Emily Postmodern: #Mourning In The Time Of Social Media

Victorian-era manners and etiquette don’t really have much of a place in contemporary society. Every now and then you might find yourself in a situation where deference to one of those residual politesses is expected or even useful, but in your daily life, knowing which fork to use isn’t going to help much, at all. However, there are still some events when the rigid protocol of the Victorians would be a welcome guide.

Mourning, a subject heavily codified in the 19th century, is complicated by our 21st century culture of social sharing and technology. Even before Victorians micromanaged everything down to the underpants of a grieving person, many cultures had serious rules to help process death. From the hiring of public mourners to withdrawal from public life, mourning “correctly” was as much about social mores as it was about the actual loss of a loved one.

Social media has changed how we process our major life events. It never really lets you break up. We plan for how our accounts will be managed when we die. I know I’m not the only one who has to hold back tears when Facebook suggests I “catch up” with a loved one who has passed away. Just as 19th century technologies like photography gave more people access to memorializing the dead, social media spaces have become virtual memorials. But, what’s the appropriate way to interact with the social media presence of a dead friend or family member? How can you honor your own grief without feeling like you’re oversharing, asking for likes or potentially reminding someone else of a painful loss they might still be processing? Honestly, I don’t think there’s a right or wrong thing to do here. Grief is personal and everyone mourns and heals in their own way, but I do think it’s important to be thoughtful about how we use social media to process.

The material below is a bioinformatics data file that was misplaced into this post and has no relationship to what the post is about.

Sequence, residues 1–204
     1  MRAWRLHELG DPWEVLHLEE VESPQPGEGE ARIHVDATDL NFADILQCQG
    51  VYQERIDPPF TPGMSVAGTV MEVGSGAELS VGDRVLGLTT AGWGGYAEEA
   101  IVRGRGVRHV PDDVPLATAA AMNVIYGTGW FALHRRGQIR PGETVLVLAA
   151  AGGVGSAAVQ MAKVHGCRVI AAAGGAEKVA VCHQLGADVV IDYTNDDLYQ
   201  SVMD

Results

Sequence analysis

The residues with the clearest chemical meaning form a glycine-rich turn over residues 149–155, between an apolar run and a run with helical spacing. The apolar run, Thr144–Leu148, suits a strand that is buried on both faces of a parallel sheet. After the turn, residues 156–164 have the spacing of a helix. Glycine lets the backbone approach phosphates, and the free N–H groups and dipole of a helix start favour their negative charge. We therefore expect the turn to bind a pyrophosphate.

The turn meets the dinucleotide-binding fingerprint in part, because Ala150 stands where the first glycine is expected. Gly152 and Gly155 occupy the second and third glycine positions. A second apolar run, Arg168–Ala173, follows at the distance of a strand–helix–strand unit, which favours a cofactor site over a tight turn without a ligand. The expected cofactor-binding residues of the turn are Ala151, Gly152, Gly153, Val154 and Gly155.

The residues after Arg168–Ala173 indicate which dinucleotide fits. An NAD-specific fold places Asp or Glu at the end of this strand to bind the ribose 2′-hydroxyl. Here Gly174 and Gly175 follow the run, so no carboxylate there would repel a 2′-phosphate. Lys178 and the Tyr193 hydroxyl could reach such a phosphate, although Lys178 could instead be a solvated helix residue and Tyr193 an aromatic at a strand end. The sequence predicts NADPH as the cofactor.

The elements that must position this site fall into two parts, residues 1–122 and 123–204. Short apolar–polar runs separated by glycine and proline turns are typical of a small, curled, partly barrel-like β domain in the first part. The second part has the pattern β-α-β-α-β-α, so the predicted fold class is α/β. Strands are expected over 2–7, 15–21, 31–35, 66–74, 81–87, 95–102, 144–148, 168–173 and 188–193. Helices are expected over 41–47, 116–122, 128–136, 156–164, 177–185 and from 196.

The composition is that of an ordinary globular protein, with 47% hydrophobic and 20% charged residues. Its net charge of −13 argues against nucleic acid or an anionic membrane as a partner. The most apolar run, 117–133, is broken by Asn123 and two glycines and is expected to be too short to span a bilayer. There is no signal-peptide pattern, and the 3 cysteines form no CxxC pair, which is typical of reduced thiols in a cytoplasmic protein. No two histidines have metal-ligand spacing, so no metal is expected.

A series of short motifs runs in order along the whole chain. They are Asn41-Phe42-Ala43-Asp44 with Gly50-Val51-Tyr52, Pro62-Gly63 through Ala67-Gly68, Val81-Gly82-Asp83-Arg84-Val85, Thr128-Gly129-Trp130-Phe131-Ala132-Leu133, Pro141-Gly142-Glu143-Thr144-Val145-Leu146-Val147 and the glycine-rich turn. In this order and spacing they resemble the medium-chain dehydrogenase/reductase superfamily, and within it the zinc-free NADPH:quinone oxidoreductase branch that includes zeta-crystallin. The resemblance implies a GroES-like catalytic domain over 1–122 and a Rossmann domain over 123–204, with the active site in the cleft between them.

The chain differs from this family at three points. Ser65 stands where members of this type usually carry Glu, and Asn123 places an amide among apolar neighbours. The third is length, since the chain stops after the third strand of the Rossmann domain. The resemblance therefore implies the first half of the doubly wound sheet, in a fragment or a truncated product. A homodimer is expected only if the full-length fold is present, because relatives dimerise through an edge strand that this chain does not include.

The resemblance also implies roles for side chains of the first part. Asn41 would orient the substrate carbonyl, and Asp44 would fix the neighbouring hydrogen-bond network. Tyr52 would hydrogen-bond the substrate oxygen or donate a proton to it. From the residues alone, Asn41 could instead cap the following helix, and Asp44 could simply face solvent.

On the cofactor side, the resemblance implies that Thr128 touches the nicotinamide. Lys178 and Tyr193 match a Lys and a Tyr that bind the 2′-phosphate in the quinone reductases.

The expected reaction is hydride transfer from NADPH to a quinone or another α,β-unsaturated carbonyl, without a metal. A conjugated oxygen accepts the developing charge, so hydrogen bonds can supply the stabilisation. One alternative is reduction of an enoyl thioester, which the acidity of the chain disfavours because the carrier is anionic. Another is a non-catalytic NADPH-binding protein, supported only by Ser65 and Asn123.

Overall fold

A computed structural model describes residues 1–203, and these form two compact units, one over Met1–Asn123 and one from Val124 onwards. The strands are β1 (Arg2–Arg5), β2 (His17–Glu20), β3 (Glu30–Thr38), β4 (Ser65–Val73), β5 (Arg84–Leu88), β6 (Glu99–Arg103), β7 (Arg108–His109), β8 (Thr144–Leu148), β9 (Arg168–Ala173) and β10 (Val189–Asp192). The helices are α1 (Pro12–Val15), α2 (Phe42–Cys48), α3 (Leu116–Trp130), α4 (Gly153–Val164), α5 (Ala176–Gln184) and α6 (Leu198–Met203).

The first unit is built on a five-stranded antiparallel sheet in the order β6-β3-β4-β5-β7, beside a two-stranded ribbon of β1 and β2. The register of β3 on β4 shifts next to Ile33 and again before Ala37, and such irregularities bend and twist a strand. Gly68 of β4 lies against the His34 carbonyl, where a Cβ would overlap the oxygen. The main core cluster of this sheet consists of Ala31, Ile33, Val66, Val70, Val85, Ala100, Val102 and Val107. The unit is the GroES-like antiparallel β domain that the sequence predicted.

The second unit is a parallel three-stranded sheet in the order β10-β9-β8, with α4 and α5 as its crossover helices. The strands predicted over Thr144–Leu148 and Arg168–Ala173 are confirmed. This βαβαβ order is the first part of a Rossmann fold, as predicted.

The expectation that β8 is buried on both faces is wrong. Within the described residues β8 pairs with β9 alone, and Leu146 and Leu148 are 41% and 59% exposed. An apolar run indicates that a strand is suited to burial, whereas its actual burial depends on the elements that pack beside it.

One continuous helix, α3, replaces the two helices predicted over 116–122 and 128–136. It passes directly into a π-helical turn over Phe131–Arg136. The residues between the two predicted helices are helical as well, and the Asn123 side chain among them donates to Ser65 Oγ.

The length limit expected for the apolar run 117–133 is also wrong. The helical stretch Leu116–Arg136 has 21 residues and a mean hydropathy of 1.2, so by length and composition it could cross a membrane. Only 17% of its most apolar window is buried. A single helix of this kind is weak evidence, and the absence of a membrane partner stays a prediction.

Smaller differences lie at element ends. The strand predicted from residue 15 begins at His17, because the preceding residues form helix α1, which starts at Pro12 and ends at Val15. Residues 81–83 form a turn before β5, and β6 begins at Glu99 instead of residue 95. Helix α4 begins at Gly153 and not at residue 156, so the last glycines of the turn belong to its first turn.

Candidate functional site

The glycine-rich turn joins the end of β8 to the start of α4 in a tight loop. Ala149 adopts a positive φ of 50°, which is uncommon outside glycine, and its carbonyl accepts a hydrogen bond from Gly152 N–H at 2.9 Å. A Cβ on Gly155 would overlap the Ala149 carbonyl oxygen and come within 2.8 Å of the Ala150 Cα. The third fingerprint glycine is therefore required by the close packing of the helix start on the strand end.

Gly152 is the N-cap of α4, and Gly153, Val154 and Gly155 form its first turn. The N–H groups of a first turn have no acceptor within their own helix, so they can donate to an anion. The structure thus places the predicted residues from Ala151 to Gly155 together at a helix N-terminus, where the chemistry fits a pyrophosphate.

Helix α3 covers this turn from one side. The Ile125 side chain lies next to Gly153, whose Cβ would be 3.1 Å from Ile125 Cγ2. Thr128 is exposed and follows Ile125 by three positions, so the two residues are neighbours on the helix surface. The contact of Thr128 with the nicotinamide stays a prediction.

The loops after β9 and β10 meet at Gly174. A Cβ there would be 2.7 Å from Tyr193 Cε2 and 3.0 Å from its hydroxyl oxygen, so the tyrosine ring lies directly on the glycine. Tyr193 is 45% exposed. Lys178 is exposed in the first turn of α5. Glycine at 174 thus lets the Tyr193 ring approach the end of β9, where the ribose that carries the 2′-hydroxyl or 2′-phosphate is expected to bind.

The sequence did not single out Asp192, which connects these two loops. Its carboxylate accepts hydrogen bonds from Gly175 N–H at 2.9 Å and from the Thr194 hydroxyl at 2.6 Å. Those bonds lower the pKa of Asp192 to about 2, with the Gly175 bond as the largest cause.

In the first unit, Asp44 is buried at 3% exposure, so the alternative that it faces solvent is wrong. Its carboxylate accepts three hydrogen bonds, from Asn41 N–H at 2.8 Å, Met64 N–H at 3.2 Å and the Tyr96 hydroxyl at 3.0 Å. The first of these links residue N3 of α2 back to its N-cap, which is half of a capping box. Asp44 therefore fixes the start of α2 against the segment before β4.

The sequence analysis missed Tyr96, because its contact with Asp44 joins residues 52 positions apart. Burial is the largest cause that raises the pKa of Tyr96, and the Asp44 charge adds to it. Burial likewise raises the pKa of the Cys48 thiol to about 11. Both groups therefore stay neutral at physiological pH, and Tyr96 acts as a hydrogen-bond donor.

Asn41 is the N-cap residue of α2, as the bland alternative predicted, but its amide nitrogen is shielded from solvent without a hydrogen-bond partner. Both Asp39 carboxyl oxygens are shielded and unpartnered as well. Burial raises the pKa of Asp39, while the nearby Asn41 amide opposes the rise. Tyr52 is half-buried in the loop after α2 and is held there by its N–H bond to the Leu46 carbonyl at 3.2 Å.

Social media is a great way to reach out to the family members of the person who has died to the them know that you’re thinking of them. It can be a good way to find out if there’s a memorial you can contribute to or a place you can send a card. But, remember that overtime you tag that person in a post, you are possibly alerting every single one of his or her 1,200 internet friends, not just your own curated list of 243. Be considerate. Try not to post publicly what might be more appropriate for a private message. Unless you’re a member of the family, try to keep your posts about the awesomeness of the person who has passed and not about how this is your tragedy. Social media makes even the most genuine sentiment feel a little bit performative, so be cautious when rending your virtual garments.

As upsetting as it can be to have an emotionless algorithm reminding us of a loss, social media spaces also provide a virtual place for people to remember someone together. In a way, they’re similar to the pilgrimage destinations of Père Lachaise Cemetery  or Joshua Tree National Park. Someone doesn’t have to be a dead rockstar to have people leaving photos and sharing memories. It also allows anyone to do this, even when there isn’t a physical memorial to visit. It can be strange to see people hashtagging memorials and liking sad posts, but in a way this is our era’s black armband, something everyone can participate in and use to communicate their grief to the world at large. If you feel like you don’t know what to do,remember you aren’t obligated to do anything. If you want to post something just keep your post celebratory and thoughtful and you will be fine.

Julianna Rose Dow is a thank-you note enthusiast working in higher-ed communications and marketing in NYC. She likes puns, telling people what to wear and baking with bourbon. Got a burning etiquette question? Drop her a line here.